The Fort Lapwai site is located in Lapwai, Idaho, approximately 0.5 miles south of City Hall in Lapwai, Idaho. The site consists of four buildings constructed by the Bureau of Indian Affairs (BIA), an open field formerly used as a parade ground for the U.S. military that occupied Lapwai, a baseball field, and a network of steam tunnels. present town of Orofino, Idaho. By the spring of 1861, thousands of prospectors descended across the Nez Perce Reservation. The prospectors set up mining camps, some of which rose to become boom towns, on Nez Perce land that had been set aside for a reservation as part of the Treaty of 1855. Unable to stem the tide of incoming miners, civilian authorities called on the military to establish a fort on the reservation to protect the Nez Perce. In 1862, the U.S. Army built Fort Lapwai, and negotiations began that would eventually lead to the Treaty of 1863.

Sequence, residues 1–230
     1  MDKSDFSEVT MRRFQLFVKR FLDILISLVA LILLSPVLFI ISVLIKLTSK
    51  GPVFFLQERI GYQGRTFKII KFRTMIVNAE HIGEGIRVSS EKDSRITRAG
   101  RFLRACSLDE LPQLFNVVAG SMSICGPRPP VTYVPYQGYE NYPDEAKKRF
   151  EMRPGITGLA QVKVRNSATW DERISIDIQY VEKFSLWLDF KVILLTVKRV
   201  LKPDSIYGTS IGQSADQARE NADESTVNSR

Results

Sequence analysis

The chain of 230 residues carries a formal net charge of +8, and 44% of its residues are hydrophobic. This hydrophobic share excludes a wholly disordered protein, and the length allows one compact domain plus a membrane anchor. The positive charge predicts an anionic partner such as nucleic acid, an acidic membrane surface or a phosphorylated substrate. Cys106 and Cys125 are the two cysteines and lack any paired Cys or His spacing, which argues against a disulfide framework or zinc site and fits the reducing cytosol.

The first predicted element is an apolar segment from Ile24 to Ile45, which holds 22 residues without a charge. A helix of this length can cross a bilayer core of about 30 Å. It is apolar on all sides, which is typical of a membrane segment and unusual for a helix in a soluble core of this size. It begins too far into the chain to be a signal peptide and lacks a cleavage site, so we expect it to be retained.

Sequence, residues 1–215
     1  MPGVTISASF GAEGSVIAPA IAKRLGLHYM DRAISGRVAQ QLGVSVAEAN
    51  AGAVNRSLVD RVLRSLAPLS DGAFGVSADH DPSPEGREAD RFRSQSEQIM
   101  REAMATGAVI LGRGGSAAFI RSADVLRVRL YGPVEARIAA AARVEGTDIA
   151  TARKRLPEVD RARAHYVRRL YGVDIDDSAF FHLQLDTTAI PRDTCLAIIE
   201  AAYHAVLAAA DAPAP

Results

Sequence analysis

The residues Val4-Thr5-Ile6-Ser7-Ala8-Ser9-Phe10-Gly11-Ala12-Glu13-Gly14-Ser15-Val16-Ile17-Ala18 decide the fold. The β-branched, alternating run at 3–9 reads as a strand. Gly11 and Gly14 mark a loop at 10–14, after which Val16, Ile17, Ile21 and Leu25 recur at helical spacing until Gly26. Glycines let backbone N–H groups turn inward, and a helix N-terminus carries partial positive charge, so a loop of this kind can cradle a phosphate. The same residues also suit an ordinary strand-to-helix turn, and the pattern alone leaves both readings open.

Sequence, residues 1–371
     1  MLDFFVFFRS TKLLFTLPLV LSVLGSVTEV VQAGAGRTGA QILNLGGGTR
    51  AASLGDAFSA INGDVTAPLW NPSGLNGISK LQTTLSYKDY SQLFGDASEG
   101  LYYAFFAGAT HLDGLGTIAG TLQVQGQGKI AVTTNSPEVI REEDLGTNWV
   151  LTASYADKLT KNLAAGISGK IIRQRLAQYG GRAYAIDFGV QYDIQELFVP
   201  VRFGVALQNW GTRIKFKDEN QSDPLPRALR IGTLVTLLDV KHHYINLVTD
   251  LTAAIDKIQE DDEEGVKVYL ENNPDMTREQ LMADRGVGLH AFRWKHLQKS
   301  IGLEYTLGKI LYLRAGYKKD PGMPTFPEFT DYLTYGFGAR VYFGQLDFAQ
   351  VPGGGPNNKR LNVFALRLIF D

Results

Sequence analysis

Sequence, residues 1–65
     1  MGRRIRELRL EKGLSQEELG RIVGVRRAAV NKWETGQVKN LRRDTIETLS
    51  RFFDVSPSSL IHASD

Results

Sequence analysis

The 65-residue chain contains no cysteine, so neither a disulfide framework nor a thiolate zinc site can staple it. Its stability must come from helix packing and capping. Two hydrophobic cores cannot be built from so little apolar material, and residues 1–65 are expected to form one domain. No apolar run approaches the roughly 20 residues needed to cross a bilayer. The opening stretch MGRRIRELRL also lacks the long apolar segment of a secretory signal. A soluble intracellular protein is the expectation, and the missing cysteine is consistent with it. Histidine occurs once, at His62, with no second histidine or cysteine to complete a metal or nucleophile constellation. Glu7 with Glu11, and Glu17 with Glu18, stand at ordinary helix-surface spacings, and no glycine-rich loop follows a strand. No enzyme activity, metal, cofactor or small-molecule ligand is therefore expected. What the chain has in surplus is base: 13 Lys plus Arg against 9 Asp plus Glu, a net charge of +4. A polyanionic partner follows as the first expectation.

The Treaty of 1863 shrank the size of the reservation established by the Treaty of 1855 by 90%, placing the newly discovered gold fields outside of the newly established reservation boundaries. Fort Lapwai ceased to function as a military fort in 1885. In 1886, portions of the fort were converted into the Fort Lapwai Indian Boarding School (a U.S. government-run school for Indians), which was eventually succeeded by the Fort Lapwai Sanitarium in 1910, both presumably housed in buildings original to Fort Lapwai. The bulk of the structures built in support of the fort were constructed between 1862 and 1884 and consisted of barracks for enlisted personnel, quarters for officers, stables, warehouses, offices, and corrals. Most of these buildings are no longer present at the site, and it is not known when they were removed from the site. However, the structure that served as the Fort Lapwai Indian Boarding School, and later the Fort Lapwai Sanitarium, is believed to have been present at the site until at least 1924.